Love and Marriage Frank and Eileen’s divorce was nasty, as many are, but I wasn’t in court, hearing court, I imagined, had a film in my mind, though I didn’t see lawyers. He wanted the divorce. Eileen had strayed with one man, but likely more than one. Men I never met. She told me last time I visited, their marriage falling apart. Then the divorce I heard about from her, from him. I was two thousand miles away from these two close friends. Gradually he silently accused me, not saying outright I wasn’t there for him. What could I do, holding down a job at times overwhelming as jobs can be. I tried to be a good friend but wasn’t good enough. He retreated into silence. But she and I stayed close enough for me to know that they in time fixed their problem. They didn’t remarry but resumed the friend part of marriage. Both living in the town they lived in when they lived on Castlewood, with their son and daughter. Very recently the daughter Lori reached out to me. Frank was living in her house, with her family, and passed after a long illness. I texted Eileen, told her I connected with her daughter. That’s cool was all she texted back. When Frank became ill she texted brief texts; like I got a report of his decline, but that’s all. Once he was like a kid brother to me, and she a sister. We met in Mr. Gilmore’s World History, which met a two, Monday and Wednesday. They were a couple. He had a red Volvo wagon, the Frank Mobile, I sat in back while we rode long straight country roads buzzed on the joints we passed, some nights high on acid. Flash forward, best man at their wedding I raised a glass to a long happy marriage. When Frank was ill, I thought about him often, but what could I say, I’m sorry you’re dying. I didn’t ask if I could talk with him. There was the fact of his dying nothing could change. I feel I’ve lost her but what is a feeling compared to the fact dead is dead. At least Lori reached out. Their divorce she took hard being a kid but I guess she got past it, as Frank and Eileen got past it. Heart’s Desire I marvel how such a beautiful song came from such an ugly place. I’m thinking of the Avalons who sang and recorded this iconic R&B ballad some call Doo-wop, and Newport News where the Avalons came from. I stayed there briefly. It was rows of dark wood rooming houses, movie houses with triple X marquees, a police station. One late Saturday night, one of two shore patrol, I saw a drunk white guy tear up his fingerprints, his bloody face and head after white cops clubbed him. My Newport News clashes with this song. You’ve likely heard “soul on fire” in some song. When the Avalons sing it in “Heart’s Desire” I feel it down to my toenails.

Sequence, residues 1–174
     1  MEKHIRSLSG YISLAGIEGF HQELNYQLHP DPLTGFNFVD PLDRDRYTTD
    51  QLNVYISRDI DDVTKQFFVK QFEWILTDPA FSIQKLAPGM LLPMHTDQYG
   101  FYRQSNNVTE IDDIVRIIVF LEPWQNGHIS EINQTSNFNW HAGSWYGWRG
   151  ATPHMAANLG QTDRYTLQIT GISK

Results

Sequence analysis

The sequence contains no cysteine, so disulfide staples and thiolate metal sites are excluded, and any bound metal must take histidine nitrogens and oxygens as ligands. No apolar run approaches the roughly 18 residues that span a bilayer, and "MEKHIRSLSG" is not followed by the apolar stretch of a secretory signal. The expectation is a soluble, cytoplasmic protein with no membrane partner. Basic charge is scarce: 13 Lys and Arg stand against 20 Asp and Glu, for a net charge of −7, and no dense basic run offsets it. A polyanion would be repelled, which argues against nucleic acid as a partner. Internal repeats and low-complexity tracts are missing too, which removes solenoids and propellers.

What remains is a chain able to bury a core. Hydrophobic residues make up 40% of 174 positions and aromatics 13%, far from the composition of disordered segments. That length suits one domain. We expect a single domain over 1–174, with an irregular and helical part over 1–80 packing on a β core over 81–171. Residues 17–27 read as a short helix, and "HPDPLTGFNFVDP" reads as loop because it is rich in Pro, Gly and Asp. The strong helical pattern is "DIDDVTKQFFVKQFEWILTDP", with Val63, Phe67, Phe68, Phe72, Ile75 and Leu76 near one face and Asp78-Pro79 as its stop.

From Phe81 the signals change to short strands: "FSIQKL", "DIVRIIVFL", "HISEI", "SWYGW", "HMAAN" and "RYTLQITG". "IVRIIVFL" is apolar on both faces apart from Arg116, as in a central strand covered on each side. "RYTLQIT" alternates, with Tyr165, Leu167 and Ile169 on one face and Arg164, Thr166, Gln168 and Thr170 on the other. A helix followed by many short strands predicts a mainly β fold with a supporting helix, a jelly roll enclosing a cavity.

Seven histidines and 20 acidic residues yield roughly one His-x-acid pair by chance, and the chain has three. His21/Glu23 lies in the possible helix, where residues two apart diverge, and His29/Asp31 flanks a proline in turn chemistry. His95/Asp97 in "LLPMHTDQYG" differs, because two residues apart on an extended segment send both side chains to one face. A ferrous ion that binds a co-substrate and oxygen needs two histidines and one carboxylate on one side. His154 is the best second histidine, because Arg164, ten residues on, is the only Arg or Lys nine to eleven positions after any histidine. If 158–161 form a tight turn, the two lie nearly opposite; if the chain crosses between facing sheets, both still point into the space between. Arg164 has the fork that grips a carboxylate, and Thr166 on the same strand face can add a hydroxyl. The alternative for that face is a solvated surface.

Peter Mladinic’s poems have recently appeared in Ariel Chart, Bluepepper, the BeZine, Detour Ahead and other online journals. He lives, with six dogs, in Hobbs, New Mexico.